New appointments at Defence Force Service Commission

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Service term endings saw new members appointed to the Defence Force Service Commission (DFSC) and a re-appointment allowing it to again function as it has been without a quorum since September last year.

By law the DFSC must have no fewer than eight and no more than ten members, with six forming a quorum.

Based in Kasteelpark, east of the Defence Ministry and SA National Defence Force headquarters, the DFSC’s motto is “In support of SANDF soldiers”. This is primarily executed by research and proposals to improve salaries and working conditions of SANDF personnel.

The new members of the Commission are University of KwaZulu-Natal human resources executive director Dr Siphelele Zulu; medical doctor, former member of SA Military Health Services and currently chairman of Aquarius Healthcare, Dr Ziyaad Essop and AME Africa Healthcare human resource manager Advocate Nokuzola Gloria Khumalo. Ian Robertson, a former Gauteng provincial government official, was re-appointed as a DFSC board member. They were selected from a list of 70 nominations by a specially appointed DFSC nominations committee under the chairmanship of MP Dr DD Gamede.

The new commissioners all serve on a per-time basis for a five year term.

The DFSC must, according to its establishing documentation, meet at least twice a year.

Following the appointment of the four members and the fact that there will only be two females amongst the commissioners, a decision has been taken to further advertise for the nomination of females for the remaining three vacancies of the commission.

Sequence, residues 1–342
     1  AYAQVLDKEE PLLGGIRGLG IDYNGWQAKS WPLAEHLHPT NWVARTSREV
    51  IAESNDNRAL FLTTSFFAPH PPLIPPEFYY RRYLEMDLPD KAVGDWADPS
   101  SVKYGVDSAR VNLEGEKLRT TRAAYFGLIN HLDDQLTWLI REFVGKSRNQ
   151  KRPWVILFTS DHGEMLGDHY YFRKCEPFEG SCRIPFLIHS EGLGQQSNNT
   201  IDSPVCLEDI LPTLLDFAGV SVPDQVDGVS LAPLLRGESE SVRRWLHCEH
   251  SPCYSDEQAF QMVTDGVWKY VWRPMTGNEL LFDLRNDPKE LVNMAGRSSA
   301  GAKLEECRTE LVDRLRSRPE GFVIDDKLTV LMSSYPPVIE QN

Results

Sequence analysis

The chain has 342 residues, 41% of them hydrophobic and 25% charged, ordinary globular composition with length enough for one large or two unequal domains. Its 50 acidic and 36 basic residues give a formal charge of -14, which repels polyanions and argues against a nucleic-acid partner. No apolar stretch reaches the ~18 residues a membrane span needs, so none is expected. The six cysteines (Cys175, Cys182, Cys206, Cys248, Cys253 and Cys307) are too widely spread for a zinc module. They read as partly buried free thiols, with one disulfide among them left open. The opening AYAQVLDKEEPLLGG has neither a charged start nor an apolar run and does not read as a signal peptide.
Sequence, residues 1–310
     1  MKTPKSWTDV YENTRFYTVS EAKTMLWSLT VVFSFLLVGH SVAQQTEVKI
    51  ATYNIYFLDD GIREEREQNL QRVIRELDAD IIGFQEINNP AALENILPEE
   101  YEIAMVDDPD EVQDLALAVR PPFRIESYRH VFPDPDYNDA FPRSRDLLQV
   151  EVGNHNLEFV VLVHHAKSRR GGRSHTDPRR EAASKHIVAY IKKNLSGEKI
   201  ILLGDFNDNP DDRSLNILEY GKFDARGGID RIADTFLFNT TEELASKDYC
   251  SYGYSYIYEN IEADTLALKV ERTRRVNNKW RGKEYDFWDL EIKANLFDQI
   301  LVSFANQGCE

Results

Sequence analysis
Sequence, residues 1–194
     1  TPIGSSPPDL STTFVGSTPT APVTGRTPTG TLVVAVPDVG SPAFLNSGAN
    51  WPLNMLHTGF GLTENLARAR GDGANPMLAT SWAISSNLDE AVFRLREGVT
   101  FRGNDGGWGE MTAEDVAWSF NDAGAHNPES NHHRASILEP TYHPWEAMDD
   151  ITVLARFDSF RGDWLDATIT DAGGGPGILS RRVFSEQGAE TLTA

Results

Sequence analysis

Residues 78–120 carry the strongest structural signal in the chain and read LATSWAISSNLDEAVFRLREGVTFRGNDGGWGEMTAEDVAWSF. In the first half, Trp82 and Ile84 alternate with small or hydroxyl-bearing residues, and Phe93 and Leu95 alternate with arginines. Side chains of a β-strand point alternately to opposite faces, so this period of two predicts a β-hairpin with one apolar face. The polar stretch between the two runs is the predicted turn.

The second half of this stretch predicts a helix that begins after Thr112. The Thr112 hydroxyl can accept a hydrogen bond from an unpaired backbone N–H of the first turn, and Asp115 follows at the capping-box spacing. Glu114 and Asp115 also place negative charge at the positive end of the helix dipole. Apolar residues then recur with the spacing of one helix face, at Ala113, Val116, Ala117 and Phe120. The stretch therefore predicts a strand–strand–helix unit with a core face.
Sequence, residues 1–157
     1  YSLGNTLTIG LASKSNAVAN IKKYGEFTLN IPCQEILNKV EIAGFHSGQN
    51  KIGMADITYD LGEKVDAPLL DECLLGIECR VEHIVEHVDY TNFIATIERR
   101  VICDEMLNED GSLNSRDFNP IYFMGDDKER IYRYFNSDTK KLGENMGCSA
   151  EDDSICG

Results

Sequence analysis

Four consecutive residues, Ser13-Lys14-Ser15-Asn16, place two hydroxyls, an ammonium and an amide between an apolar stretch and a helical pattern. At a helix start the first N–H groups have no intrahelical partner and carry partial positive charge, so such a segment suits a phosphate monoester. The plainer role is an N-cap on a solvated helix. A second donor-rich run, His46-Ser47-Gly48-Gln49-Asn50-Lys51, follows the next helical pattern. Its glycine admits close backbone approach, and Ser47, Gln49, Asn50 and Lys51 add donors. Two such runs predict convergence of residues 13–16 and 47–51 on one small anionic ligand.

Defence and Military Veterans Minister Nosiviwe Mapisa-Nqakula said the appointments were a step in the right direction “considering the amount of work ahead of the DFSC”.

The DFSC executes its mandate by conducting visits to military bases in South Africa as well as to operational bases, the border protection tasking Operation Corona is an example, and to continental deployments.

Established in 2009, the DFSC’s mandate is to, among others, conduct research and make recommendations for improvements of salaries and service benefits of members of the SANDF on an annual basis, policies in respect of service conditions and the promotion of measures and setting standards for effective implementation of policies.

Over the past nine years, the DFSC has successfully undertaken a number of projects, including proving inputs into the Defence Act amendments and the 2015 Defence Review, exercising oversight over the implementation of the recommendations of the interim DFSC and recommending Cost of Living Allowance (COLA) adjustments for members of the SANDF.

The DFSC faces a number of challenges. One of these is delinking salary from rank for members of the SANDF. “Following research and extensive benchmarking, the DFSC came to the realization that delinking rank from salary is a complex matter and may be too costly for the SANDF. Other alternatives are being explored in light of the socio-economic challenges in the country,” Mapisa-Nqakula said in 2017. Salary stagnation affects some 17% of the SANDF.

In 2017 the DFSC Pay and Service Benefits Committee (PSBC) recommended increasing salaries (but not ranks) of 8 900 affected personnel based on years of completed service and good performance.



In mid-2018 Mapisa-Nqakula said she had received 263 recommendations from the DFSC in the last financial year.